Jesus puts them and himself in direct opposition to the “world”. As he collected the fragments of bread and fish after the feeding of the crowd in chapter six, so Jesus prays for safety for his little band. They too will be in conflict with the “world” and will be sent to orchestrate the continuing of the collection of souls.
The “world” for John is both a place and a spirit. The “earth”, that world was created in Christ, so the place is still sacred. The “spirit” of the “world” hates Jesus, because it does not want a dependent relationship; it wants to be free from its awareness that it is not its own creator. That spirit hates Justice, charity, chastity, community, fidelity and all that Jesus is and shared.
There were two men proposed by the larger group of followers to replace Judas on the starting team of Apostles. Matthias got the, the, hmm, what? Did he win and Barsabbas was considered the loser? It has been said that “All the world loves a winner.” The Spirit of the “world” promotes winning, because then there will be many “losers”. One horse, one team, one-elected official wins and they will win until they join the ranks of the “losers”. Shame results from trying and the spirit of the “world” urges shame to turn to quitting.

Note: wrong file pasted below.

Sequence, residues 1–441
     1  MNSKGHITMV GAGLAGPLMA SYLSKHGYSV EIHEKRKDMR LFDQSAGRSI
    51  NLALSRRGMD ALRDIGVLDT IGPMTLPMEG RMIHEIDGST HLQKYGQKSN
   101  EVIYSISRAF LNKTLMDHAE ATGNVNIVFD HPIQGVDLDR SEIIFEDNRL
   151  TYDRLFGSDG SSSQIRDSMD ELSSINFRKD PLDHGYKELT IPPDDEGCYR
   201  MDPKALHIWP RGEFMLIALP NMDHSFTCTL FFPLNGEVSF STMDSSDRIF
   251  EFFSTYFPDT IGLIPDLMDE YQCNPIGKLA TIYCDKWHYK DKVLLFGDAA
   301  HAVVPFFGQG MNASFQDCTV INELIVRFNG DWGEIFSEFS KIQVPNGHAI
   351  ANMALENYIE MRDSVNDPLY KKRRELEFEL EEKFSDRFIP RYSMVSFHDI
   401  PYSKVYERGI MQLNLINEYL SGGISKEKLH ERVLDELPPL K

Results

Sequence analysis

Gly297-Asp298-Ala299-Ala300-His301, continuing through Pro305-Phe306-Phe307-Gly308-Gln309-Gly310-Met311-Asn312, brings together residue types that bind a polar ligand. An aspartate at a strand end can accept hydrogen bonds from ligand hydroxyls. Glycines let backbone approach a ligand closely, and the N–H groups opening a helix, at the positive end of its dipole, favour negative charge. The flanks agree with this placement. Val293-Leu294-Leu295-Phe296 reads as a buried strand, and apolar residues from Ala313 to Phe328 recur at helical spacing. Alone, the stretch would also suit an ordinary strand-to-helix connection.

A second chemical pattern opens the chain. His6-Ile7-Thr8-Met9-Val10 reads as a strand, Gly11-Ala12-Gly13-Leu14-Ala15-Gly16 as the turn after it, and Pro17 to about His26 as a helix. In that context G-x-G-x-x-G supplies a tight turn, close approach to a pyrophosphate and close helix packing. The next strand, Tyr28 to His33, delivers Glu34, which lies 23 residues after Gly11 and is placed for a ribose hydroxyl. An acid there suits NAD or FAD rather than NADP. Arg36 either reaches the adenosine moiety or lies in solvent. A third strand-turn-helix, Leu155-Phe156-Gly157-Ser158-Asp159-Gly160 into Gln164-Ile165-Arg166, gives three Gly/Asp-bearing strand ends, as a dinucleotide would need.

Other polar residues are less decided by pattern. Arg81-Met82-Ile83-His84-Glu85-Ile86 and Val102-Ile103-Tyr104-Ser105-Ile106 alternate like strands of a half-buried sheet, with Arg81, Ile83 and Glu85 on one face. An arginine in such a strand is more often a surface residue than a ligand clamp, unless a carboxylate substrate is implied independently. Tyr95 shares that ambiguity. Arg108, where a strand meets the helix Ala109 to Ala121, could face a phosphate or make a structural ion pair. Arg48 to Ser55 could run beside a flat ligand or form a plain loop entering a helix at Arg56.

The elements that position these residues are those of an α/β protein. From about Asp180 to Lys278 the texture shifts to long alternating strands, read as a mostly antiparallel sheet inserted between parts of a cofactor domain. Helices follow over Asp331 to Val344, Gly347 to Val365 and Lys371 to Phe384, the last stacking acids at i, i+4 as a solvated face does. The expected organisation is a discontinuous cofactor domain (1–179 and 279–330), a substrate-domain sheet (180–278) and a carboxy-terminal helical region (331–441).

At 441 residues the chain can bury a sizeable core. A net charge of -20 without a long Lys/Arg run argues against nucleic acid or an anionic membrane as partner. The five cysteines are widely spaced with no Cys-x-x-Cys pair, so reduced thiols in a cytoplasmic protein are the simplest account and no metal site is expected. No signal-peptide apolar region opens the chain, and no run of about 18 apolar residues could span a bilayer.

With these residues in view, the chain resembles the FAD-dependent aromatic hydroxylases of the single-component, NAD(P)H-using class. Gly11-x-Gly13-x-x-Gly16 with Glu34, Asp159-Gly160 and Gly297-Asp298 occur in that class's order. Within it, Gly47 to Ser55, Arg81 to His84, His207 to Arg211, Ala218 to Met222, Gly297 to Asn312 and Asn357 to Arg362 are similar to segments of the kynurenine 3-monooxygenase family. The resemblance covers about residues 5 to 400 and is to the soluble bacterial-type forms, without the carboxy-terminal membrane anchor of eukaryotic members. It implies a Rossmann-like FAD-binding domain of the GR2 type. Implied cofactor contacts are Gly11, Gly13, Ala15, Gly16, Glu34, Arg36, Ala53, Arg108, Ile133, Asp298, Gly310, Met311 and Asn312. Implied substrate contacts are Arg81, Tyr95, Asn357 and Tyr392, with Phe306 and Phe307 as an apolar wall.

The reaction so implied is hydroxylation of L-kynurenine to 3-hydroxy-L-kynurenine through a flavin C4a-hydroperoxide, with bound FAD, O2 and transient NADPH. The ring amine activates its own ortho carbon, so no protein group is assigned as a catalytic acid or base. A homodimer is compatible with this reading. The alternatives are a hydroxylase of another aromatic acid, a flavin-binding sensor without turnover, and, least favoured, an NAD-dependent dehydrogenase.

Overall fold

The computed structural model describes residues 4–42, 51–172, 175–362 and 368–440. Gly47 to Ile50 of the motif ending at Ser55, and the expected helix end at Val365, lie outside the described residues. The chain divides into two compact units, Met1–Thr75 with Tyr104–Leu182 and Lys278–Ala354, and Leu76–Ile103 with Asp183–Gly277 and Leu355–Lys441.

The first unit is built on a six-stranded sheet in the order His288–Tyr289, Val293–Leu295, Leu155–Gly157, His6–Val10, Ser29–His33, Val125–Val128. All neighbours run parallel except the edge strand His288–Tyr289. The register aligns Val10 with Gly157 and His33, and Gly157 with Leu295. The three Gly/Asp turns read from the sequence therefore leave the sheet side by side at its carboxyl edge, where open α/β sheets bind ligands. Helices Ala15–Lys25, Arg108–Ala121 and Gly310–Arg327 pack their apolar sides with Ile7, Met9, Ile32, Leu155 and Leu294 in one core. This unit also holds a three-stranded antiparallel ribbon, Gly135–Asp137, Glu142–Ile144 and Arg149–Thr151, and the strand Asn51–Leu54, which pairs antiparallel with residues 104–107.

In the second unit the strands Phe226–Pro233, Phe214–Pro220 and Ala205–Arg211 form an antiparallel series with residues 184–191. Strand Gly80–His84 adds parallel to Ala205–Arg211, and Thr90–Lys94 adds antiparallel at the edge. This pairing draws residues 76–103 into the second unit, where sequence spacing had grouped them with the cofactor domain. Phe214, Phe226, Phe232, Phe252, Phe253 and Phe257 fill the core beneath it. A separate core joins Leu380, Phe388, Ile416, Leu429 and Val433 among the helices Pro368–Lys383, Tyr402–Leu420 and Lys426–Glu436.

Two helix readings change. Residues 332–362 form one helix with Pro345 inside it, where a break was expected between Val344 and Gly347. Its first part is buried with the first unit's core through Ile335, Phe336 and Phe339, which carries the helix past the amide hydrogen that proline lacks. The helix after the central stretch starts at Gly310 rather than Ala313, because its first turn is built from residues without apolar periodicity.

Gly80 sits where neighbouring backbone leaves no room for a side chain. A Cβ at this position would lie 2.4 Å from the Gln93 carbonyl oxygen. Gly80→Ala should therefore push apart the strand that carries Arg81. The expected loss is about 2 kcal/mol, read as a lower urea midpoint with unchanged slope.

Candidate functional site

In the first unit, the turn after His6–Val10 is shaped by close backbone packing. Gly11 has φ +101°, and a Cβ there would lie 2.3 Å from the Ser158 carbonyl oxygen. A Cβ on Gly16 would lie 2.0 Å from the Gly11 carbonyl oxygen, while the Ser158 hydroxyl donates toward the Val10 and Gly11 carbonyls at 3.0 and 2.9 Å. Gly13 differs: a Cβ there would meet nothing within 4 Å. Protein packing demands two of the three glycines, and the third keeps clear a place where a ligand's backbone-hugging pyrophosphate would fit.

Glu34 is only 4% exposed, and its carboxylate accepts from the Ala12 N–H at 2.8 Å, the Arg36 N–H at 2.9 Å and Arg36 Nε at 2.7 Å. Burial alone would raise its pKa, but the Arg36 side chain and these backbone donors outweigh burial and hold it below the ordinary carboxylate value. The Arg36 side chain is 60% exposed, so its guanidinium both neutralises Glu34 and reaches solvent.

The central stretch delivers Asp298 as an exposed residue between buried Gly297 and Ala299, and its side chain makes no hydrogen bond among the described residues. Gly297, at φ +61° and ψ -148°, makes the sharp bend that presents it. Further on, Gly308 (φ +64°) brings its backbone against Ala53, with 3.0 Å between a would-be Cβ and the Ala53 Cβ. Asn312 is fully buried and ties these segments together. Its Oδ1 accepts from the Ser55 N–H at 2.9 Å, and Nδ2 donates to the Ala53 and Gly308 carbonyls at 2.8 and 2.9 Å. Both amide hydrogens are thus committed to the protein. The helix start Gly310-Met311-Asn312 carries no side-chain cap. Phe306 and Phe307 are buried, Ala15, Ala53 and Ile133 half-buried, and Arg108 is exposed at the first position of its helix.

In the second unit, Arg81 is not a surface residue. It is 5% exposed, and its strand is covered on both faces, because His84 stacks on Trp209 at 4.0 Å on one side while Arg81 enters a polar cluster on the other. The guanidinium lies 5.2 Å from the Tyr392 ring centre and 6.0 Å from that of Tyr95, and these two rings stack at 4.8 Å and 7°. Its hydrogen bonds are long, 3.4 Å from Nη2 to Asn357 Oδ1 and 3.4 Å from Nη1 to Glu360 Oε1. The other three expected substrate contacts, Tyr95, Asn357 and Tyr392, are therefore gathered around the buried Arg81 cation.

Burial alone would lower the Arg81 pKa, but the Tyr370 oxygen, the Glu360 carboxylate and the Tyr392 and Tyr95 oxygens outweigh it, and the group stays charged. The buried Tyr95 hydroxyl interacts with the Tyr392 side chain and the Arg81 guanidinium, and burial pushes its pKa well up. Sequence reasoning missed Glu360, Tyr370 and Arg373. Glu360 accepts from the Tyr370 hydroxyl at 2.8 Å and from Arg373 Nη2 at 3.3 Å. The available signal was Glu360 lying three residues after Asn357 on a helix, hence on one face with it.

As he speaks these words, Jesus is heading for a major defeat, a real loss, but in himself, not a defeat nor shame. His listeners too will lose contact with who they are and experience their own personal failure that very night. Judas was the only “winner” that night; he got the prize of handing over Jesus and being handed the silver metal. The spirit of the “world” had a great, but temporary, triumph. When Jesus prays that they be “consecrated” he prays that they, like he himself, would rise from their apparent shame of losing, and experience his victory as their own. With the Resurrection, Jesus is freed to battle the “world” and its effects on our minds, hearts and souls.
Our expectations and those which others have for us can unresurrectionalise us, bring us down and tempt us to quit. We can never meet all our high hopes. We can never live the Gospel’s invitations perfectly. We will never live the Eucharist in a roundly holy manner. The “world” will quietly say to us that if we do not do what we say we will, then we are hypocrites and we should be more authentic by not trying. The “world” hated Jesus and it hates the Church and all of us who try. Recently, while preparing a couple for marriage, I was asked by the fellow who was not Catholic, exactly what Catholics do. I reached for the phone and called the parish where I am privileged to celebrate the weekend liturgy. When the secretary answered, I asked her, “what do Catholics do?” Without a wink she replied, “well, Catholics try.” That answer did not convert the fellow, but it did shut him up for a while.
Jesus offers the Apostles and the Church a prayer for trying and a reason to rise when the seduction to shame and quitting accompany our not winning. Judas ultimately threw his silver metal away and his life as well, because he could not keep trying. We are winners who though sinners, allow the “Collector” to find us.
“This is how we know that we remain in him and he in us,that he has given us of hisSpirit.” II John, 4 13